Using R for Digital Soil Mapping: Book materials, data and R scripts.
This book describes and provides many detailed examples of implementing Digital Soil Mapping (DSM) using R. The work adheres to Digital Soil Mapping theory, and presents a strong focus on how to apply it. DSM exercises are also included and cover procedures for handling and manipulating soil and spatial data in R. The book also introduces the basic concepts and practices for building spatial soil prediction functions, and then ultimately producing digital soil maps.
For a hands on experience of covering the materials of the book, the following sections contain documents and R code of topics covered in the book. Topics covered include:
- R Literacy for digital soil mapping
- Getting spatial in R
- Preparatory and exploratory analysis for digital soil mapping
- Continuous soil attribute modelling and mapping
- Categorical soil attribute modelling and mapping
- Some methods for uncertainty quantification relevant for digital soil mapping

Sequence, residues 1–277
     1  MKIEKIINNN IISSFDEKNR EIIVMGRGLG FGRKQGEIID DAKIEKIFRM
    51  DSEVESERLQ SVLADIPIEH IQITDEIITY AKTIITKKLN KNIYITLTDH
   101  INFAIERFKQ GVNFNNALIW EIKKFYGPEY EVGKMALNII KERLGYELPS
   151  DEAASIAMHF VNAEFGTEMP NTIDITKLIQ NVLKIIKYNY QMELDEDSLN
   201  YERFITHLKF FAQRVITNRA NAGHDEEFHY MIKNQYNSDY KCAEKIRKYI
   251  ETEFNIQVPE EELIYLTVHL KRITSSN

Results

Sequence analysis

- Soil map disaggregation
- Combining continuous and categorical soil attribute modelling and mapping
- Digital soil assessments
The ithir R package
The ithir R package is a necessary installation for being able to use the various R for digital soil mapping examples below. This is because it has all the required data sets and some of the required R functions.
One you have installed a version of R onto your computer (see part 1 of R literacy for digital soil mapping section for instructions on how to do this if needed), you will need to use the following lines of R code:
> install.packages("devtools") > library(devtools) > install_bitbucket("brendo1001/ithir/pkg") #ithir package
An example script can also be downloaded from here
There are many places on the internet to get a crash course in R. You can also try what is located here. The R examples are illustrated using soil data which is helpful if you want the contextual learning. The course is broken in to 8 sections.
- R basics: commands, expressions, assignments, operators, objects
- R Data Types
- R data structures